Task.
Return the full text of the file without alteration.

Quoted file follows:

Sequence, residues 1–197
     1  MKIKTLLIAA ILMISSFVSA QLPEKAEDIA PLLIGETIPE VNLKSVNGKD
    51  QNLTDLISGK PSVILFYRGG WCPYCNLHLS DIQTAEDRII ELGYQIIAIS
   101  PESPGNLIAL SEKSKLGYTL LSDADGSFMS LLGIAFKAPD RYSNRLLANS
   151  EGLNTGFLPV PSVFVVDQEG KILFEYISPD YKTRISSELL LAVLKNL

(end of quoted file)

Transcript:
Sequence, residues 1–197
     1  MKIKTLLIAA ILMISSFVSA QLPEKAEDIA PLLIGETIPE VNLKSVNGKD
    51  QNLTDLISGK PSVILFYRGG WCPYCNLHLS DIQTAEDRII ELGYQIIAIS
   101  PESPGNLIAL SEKSKLGYTL LSDADGSFMS LLGIAFKAPD RYSNRLLANS
   151  EGLNTGFLPV PSVFVVDQEG KILFEYISPD YKTRISSELL LAVLKNL